It is Alexandria during Ramadan, a year or so after the Egyptian revolution in 2011 and Mohamed Morsi is president. Political conflict threatens Egypt, but a different kind of trouble looms within a group of expats. Things don’t always glimmer.


OK Hot Stuff

In Short Story Issue Six by Madeline Gressman

Ten middle school students help Jason clean up the mess of his mother’s house. Some scrape cemented egg whites off counters; others pull weeds. A week later, the mother has a clean kitchen and bathroom and a slanted floor to walk upon.



In Short Story Issue Six by Chris Capitanio

Riding the bus from Granada to Salamanca, Spain, they arrive in pouring rain and run to find shelter. Luckily a taxi pulls up and drives them to the Hostal Plaza Mayor. Jimmy has never met a girl like Vera before. This is his love story.


Tadhg and the Seven Dragons: Story Two

In Novel Excerpts / Novella Issue Six by Michael Radcliffe

It has been a year since the giant dragon Greatwing has made contact with eleven-year-old Tadhg. The boy is frantically turning the dragon-shaped pendant over and over—the one Miriam gave him last Halloween—hoping Greatwing will appear like he did the last time. On this stormy night the black tabby cat Dreyfus appears on the windowsill of Tadhg’s bedroom, pawing to be let in. Dreyfus announces that he and Miriam are leaving town and Tadhg must now help the dragons. Of course, Tadhg doesn’t understand the cryptic message, but before he can say anything Dreyfus disappears in a power blackout. The next morning on his way to school he hears thoughts coming from inside his head. Greatwing has arrived to take him on a mission. Tadhg will not make it to school that day and will instead fly with the dragon to land in a patch of heather in the Scottish highlands. The mission: To find Greatwing’s six cousins and be freed from the curse of the Others.


The Experience

In Short Story Issue Six by Andrew Song

Leaving the convention center, he chastises himself for his “addiction” although he just bought “Dangerous Dosage: Chronicles of Jason Archer,” the VR Experience that landed him on the floor. It was so real. But upon arriving home, he so easily returns to that “world.”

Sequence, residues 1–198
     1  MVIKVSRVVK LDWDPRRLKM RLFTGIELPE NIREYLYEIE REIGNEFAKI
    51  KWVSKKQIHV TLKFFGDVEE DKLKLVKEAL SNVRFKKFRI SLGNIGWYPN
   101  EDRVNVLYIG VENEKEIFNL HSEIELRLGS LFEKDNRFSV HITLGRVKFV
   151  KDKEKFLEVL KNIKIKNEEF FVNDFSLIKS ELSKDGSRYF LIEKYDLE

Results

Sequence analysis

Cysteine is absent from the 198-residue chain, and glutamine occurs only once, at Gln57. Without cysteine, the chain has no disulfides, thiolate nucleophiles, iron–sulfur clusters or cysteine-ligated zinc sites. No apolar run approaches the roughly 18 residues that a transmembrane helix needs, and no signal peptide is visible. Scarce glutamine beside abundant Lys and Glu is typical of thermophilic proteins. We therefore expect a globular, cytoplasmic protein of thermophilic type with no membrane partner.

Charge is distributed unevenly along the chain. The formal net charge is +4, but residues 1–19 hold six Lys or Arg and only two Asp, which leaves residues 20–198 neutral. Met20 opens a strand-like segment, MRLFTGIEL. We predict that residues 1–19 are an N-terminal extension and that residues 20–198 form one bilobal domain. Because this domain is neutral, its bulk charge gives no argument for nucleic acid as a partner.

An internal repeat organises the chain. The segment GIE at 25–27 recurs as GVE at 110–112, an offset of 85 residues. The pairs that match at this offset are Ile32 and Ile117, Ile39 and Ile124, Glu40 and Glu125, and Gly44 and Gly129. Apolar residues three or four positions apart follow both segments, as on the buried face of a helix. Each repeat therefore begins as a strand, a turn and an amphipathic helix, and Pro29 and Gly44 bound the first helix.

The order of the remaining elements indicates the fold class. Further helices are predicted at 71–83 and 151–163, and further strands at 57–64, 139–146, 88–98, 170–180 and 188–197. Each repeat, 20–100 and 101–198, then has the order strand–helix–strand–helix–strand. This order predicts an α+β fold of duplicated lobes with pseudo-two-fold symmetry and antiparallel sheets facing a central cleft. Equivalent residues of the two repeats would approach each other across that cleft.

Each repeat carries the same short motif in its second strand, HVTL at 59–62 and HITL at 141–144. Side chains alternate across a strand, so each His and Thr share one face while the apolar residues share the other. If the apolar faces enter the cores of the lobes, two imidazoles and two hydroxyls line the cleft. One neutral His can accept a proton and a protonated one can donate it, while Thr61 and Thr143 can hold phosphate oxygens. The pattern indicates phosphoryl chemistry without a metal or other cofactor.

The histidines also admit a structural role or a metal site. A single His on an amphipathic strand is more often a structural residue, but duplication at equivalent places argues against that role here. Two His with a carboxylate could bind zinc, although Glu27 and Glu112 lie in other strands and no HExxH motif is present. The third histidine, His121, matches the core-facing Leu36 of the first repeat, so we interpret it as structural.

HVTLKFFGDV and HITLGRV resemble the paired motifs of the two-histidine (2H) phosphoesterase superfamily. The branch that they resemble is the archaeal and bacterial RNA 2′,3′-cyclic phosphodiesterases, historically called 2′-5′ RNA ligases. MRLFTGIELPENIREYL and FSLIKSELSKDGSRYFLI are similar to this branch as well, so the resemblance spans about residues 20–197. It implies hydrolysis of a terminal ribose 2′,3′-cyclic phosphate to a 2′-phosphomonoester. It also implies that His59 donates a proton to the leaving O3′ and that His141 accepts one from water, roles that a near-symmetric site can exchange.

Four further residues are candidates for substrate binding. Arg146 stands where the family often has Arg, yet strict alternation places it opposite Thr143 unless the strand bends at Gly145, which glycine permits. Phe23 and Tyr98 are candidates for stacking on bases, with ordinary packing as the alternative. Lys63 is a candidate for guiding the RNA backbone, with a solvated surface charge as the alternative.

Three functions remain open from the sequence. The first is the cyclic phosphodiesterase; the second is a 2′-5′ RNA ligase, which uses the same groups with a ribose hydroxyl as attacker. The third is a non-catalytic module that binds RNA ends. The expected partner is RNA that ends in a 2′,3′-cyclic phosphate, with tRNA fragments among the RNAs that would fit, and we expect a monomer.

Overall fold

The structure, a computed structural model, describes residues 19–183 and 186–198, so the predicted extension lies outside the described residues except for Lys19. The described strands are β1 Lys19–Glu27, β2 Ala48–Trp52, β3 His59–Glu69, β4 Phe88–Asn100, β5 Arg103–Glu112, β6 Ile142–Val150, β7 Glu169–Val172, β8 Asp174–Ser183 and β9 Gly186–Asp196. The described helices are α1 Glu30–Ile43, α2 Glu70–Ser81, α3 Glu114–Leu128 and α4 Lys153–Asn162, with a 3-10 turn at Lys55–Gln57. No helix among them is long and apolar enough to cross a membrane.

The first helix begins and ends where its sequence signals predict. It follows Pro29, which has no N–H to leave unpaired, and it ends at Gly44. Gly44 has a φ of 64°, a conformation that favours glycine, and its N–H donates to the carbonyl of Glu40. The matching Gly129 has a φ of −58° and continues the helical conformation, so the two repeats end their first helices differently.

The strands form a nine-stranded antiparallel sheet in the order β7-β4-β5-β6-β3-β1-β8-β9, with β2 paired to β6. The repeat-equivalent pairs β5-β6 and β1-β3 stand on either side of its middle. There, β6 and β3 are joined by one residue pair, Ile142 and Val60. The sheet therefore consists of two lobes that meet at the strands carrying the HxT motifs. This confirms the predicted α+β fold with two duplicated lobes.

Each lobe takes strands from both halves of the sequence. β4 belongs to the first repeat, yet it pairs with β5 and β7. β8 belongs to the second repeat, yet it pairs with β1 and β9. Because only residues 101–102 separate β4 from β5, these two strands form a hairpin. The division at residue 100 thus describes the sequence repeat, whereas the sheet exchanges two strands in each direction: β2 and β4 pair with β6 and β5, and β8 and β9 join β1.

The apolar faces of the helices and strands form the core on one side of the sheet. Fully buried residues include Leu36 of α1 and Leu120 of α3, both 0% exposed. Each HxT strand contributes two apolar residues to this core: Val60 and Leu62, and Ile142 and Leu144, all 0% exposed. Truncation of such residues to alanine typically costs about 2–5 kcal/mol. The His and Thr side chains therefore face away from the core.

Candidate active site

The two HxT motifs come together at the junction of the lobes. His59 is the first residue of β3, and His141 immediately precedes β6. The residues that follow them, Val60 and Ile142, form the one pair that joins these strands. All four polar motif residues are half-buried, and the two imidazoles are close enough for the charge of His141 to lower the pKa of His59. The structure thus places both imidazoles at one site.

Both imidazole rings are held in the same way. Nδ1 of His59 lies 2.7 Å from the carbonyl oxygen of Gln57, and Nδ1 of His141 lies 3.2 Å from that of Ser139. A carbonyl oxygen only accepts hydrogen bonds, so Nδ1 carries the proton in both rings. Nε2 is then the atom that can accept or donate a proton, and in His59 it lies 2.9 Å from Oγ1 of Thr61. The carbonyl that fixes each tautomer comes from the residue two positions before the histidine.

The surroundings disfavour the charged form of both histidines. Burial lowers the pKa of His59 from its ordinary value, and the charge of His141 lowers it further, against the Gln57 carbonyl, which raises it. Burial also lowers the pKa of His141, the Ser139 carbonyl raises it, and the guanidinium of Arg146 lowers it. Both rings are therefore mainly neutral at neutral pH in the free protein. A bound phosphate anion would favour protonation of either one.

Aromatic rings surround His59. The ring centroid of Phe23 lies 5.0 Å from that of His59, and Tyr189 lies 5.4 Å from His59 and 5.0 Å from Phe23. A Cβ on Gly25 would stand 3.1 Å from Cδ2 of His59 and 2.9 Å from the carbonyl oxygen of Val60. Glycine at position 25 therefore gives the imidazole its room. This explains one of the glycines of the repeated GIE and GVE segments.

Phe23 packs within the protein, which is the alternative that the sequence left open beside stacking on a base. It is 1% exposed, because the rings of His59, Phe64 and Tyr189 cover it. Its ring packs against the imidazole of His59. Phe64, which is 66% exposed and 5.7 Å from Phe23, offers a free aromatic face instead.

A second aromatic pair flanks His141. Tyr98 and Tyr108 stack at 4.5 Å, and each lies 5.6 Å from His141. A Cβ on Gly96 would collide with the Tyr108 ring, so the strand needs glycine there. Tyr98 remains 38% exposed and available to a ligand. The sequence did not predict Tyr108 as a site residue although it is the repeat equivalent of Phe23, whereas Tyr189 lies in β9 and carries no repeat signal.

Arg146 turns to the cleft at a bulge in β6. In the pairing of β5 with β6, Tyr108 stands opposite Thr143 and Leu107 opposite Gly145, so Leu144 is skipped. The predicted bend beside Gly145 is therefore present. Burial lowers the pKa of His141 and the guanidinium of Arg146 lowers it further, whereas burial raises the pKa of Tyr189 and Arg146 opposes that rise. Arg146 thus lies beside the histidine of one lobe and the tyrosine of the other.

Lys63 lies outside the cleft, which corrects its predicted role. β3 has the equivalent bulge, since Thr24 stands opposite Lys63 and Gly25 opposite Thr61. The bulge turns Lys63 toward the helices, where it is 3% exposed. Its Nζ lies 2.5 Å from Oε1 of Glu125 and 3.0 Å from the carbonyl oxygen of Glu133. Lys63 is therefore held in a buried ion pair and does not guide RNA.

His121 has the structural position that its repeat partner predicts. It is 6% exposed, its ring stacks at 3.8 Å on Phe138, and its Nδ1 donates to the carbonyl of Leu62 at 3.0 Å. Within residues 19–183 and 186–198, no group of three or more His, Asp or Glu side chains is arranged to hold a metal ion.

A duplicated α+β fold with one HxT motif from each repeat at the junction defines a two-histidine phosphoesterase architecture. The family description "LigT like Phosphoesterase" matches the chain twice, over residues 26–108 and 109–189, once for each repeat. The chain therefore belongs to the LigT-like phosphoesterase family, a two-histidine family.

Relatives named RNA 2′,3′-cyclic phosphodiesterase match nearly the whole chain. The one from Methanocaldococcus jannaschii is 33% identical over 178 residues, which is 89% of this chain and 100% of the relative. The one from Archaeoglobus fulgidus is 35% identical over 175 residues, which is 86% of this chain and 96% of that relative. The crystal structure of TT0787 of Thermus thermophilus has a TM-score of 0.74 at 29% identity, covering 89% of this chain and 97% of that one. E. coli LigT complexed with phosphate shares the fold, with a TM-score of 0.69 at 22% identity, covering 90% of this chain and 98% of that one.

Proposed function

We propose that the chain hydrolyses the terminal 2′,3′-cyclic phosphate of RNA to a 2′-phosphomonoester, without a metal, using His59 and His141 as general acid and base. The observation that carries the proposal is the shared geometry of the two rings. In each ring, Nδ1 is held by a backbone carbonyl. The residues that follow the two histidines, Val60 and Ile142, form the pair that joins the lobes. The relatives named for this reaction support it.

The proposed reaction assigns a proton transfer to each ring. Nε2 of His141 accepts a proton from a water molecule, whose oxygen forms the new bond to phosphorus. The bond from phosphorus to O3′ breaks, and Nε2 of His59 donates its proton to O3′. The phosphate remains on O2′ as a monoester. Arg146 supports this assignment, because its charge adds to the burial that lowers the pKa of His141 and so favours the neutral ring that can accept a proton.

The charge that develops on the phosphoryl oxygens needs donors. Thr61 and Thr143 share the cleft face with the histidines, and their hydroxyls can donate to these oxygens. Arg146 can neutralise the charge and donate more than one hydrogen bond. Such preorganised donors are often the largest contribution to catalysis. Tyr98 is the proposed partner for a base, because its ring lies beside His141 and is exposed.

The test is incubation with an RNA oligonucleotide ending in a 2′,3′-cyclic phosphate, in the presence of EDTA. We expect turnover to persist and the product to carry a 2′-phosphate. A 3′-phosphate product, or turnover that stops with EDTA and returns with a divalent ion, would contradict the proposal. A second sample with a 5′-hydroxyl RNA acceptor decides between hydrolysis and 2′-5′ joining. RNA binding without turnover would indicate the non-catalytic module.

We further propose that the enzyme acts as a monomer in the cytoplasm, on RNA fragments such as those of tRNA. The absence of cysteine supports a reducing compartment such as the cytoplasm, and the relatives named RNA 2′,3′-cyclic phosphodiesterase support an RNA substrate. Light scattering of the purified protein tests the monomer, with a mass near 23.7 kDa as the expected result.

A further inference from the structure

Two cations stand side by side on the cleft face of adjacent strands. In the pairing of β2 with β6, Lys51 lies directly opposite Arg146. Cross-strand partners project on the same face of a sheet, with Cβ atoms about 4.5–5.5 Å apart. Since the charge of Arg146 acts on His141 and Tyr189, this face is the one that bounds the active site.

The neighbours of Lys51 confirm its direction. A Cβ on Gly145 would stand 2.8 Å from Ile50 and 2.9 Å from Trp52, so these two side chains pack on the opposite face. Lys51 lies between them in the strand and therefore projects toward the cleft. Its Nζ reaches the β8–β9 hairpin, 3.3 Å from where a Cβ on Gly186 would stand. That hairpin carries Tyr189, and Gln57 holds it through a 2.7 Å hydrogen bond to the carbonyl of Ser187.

The Octopus: A Fable

In Short Story Issue Six by Tushar Jain

Pariya’s son narrates the times his father turns into an octopus when he feels romantic love. Later, Pariya marries Ammya and things seem normal—except they aren’t. Years later the son learns the truth through a suppressed dream.


The Shoelace

In Short Story Issue Six by Stephen Baily

On the father’s eightieth birthday, he tells his oldest son he wants to celebrate it in a funeral parlor. There are the usual expatiations and songs and food and drink, but alone in the chapel, the father reveals to the son how his mother really died.


White Dust

In Short Story Issue Six by Grant Price

In an inflatable mess tent for refugees, an attendant learns the story of the bearded man who travels from Greece to Macedonia by foot, then to Serbia and eventually to Budapest seeking asylum. Danger arrives and so does white dust.


Sold: Yellow House on Cooper Hill

In Short Story Issue Six by Sydney M. Crago

Falling in love with the yellow house on the hill, she enjoys her own art studio. And visitors: a neighbor with brownies; a young mother with her baby and a fruit basket; Marvin with banana bread; and a young man with a photo and a revelation.


Family Ties

In Short Story Issue Six by Maria Savva

A sixty-five-year-old man holds hostage three children and a twenty-something woman. They have strength in numbers but he threatens and lies. They are now the family he never had. He is husband to the oldest, Dad to the children. His family ties.